Alice W, Michelle O, and Wall-E


Photo by Win McNamee/Getty Images

The photographs of Michelle Obama and schoolchildren digging up the White House lawn on Friday must be making Alice Waters very happy, I thought as soon as I saw them. After all, Waters wouldn't stop talking about her dream of an organic garden on the White House lawn -- not for fifteen years, and not in the face of a blogosphere backlash that became ever harsher in the face of a bad economy and a general attitude of let's-get-real, who-has-time-or-can-afford-this, oh-please-spare-us-the-airy-fairy-platitudes, etc.

But the garden happened, because Michelle Obama decided to make it a priority, and thus the photo opps with the sustainability-minded chef she brought with her from Chicago, Sam Kass, and the fifth-graders from Bancroft Elementary School.

As I suspected, Waters was ecstatic. I reached her in the middle of an orange grove in Ojai, California, where she was attending a fundraiser for the kitchen at the American Academy, in Rome, a successful example of several sustainable-food projects she has audaciously undertaken in the heart of places that don't think America has a thing to teach them in the way of food (a several-year attempt at an organic restaurant for the Louvre never bore fruit). The trip had been long -- it's a six-hour drive from Berkeley, almost two hours from LAX; I didn't ask how she got there -- and she hadn't thought she would be up to it after "one of the greatest days of my life." But the smell of the "incredibly aromatic" orange blossoms and the sight of fat oranges on the same trees with the flowers revived her.

"I never in my dreams," Waters told me, "imagined the brilliant stroke of bringing in schoolchildren. It feels so authentic, so right -- so home-grown."

Part of the reason she had "spent all day long in this exhilarated place," she told me, was seeing the children in the pictures. The other cause she won't stop talking about, of course, is putting gardens in schools and trying to get children to understand how vegetables can taste, especially if you grow them yourself.

"I never in my dreams," she told me, "imagined the brilliant stroke of bringing in schoolchildren. This is the kind of ownership that makes it feel so authentic, so right. The message is so easily tainted by celebrity, by landscape architects, historic societies, and all the rest. This seems so home-grown. I don't think anyone can reproach them for planting a victory garden -- though they'll try."

I mentioned the article about to appear in the Sunday Times saying that the time for the revolution she has called for for decades might actually be at hand. She didn't know about it, or the fact that it led with a big picture of her. (Of course it was a good picture, and of her at a farmers market. Another picture of a leader of the revolution is of our very own Nutrition columnist, the matchlessly lucid Marion Nestle.


Image From Times Reader

Waters was very pleased to hear it was in the business section, and unsurprisingly agreed with the premise. "I feel we're at the tipping point," she said. "It's happening everywhere. I'm full of hope."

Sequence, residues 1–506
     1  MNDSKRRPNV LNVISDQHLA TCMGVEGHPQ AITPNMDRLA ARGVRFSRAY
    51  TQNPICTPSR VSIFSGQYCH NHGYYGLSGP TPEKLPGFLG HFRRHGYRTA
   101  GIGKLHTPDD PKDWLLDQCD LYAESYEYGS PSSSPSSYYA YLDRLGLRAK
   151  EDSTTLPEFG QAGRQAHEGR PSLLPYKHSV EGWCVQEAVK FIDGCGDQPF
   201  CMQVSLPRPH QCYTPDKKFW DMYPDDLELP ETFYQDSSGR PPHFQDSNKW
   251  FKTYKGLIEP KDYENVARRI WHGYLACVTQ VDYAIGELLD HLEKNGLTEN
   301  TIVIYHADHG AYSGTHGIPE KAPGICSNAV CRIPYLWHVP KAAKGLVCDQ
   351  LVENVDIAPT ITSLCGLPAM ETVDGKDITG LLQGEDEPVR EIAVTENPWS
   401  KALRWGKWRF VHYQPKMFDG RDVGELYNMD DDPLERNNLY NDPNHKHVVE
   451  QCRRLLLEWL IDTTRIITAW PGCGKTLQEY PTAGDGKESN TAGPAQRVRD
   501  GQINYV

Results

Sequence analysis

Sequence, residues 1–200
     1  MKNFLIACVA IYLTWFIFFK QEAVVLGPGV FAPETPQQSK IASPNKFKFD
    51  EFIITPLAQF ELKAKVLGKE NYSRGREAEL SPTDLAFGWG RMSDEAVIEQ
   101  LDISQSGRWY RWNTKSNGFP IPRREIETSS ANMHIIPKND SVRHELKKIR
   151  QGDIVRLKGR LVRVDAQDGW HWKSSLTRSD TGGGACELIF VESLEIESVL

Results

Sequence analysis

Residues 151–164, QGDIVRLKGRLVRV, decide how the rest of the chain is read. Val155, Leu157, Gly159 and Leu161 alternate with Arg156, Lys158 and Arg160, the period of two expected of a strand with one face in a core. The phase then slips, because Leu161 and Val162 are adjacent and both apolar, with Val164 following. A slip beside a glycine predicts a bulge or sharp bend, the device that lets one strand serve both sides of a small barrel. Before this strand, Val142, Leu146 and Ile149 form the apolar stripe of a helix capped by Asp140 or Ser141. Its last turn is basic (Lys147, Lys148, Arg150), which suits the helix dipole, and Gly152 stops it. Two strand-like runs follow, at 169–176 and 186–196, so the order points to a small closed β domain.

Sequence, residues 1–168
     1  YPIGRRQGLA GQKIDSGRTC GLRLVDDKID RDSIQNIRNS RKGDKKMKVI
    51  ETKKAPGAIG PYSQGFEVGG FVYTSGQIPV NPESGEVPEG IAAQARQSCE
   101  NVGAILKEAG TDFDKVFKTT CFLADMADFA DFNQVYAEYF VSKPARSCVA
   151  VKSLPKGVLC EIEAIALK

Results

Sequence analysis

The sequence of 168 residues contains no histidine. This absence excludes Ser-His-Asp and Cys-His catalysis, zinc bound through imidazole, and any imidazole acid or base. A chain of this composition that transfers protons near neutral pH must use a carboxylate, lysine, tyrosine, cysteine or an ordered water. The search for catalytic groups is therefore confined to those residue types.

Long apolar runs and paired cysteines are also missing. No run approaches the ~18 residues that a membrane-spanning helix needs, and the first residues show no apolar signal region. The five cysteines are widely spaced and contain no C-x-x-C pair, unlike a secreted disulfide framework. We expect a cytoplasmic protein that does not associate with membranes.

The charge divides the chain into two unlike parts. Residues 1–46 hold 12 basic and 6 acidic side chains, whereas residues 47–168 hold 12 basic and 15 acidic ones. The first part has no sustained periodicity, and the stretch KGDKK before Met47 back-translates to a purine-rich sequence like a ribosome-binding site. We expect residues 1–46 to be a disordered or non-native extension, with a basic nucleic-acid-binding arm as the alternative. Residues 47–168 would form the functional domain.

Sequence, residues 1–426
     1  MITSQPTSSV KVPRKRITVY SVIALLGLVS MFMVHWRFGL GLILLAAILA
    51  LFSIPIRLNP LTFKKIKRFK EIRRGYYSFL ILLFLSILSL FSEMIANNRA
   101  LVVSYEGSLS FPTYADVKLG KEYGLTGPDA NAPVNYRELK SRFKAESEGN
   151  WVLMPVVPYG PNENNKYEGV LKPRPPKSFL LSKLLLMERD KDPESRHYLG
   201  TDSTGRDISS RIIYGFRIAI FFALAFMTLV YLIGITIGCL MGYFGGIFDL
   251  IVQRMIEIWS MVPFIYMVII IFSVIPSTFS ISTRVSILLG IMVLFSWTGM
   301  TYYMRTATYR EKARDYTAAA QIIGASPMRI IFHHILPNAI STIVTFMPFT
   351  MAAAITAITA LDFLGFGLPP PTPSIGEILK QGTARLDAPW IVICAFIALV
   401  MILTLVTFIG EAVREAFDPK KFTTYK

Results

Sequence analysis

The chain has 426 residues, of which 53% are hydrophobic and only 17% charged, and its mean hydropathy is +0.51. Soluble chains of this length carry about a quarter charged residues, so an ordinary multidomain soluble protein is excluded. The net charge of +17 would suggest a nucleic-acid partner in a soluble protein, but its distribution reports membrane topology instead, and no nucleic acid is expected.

Perhaps it wasn't coincidence that she called as we were in the middle of watching Wall-E, one of the movies everybody else has seen ("It's sweet," she allowed). The end scene (spoiler alert, but we are the last people in the country to see it) shows the free-at-last, shmoo-shaped human beings gazing in wonderment at a seedling as the captain says, "It's called farming! You kids are going to plant vegetables, fruits, and all kinds of things!" The camera shows rows and rows of seedlings as we build to the climax. I imagine Alice was feeling the same sense of liberation and coming into her own season in the sun.

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Corby Kummer's work in The Atlantic has established him as one of the most widely read, authoritative, and creative food writers in the United States. The San Francisco Examiner pronounced him "a dean among food writers in America." More

Corby Kummer's work in The Atlantic has established him as one of the most widely read, authoritative, and creative food writers in the United States. The San Francisco Examiner pronounced him "a dean among food writers in America." Julia Child once said, "I think he's a very good food writer. He really does his homework. As a reporter and a writer he takes his work very seriously." Kummer's 1990 Atlantic series about coffee was heralded by foodies and the general public alike. The response to his recommendations about coffees and coffee-makers was typical--suppliers scrambled to meet the demand. As Giorgio Deluca, co-founder of New York's epicurean grocery Dean & Deluca, says: "I can tell when Corby's pieces hit; the phone doesn't stop ringing." His book, The Joy of Coffee, based on his Atlantic series, was heralded by The New York Times as "the most definitive and engagingly written book on the subject to date." In nominating his work for a National Magazine Award (for which he became a finalist), the editors wrote: "Kummer treats food as if its preparation were something of a life sport: an activity to be pursued regularly and healthfully by knowledgeable people who demand quality." Kummer's book The Pleasures of Slow Food celebrates local artisans who raise and prepare the foods of their regions with the love and expertise that come only with generations of practice. Kummer was restaurant critic of New York Magazine in 1995 and 1996 and since 1997 has served as restaurant critic for Boston Magazine. He is also a frequent food commentator on television and radio. He was educated at Yale, immediately after which he came to The Atlantic. He is the recipient of five James Beard Journalism Awards, including the MFK Fisher Distinguished Writing Award.

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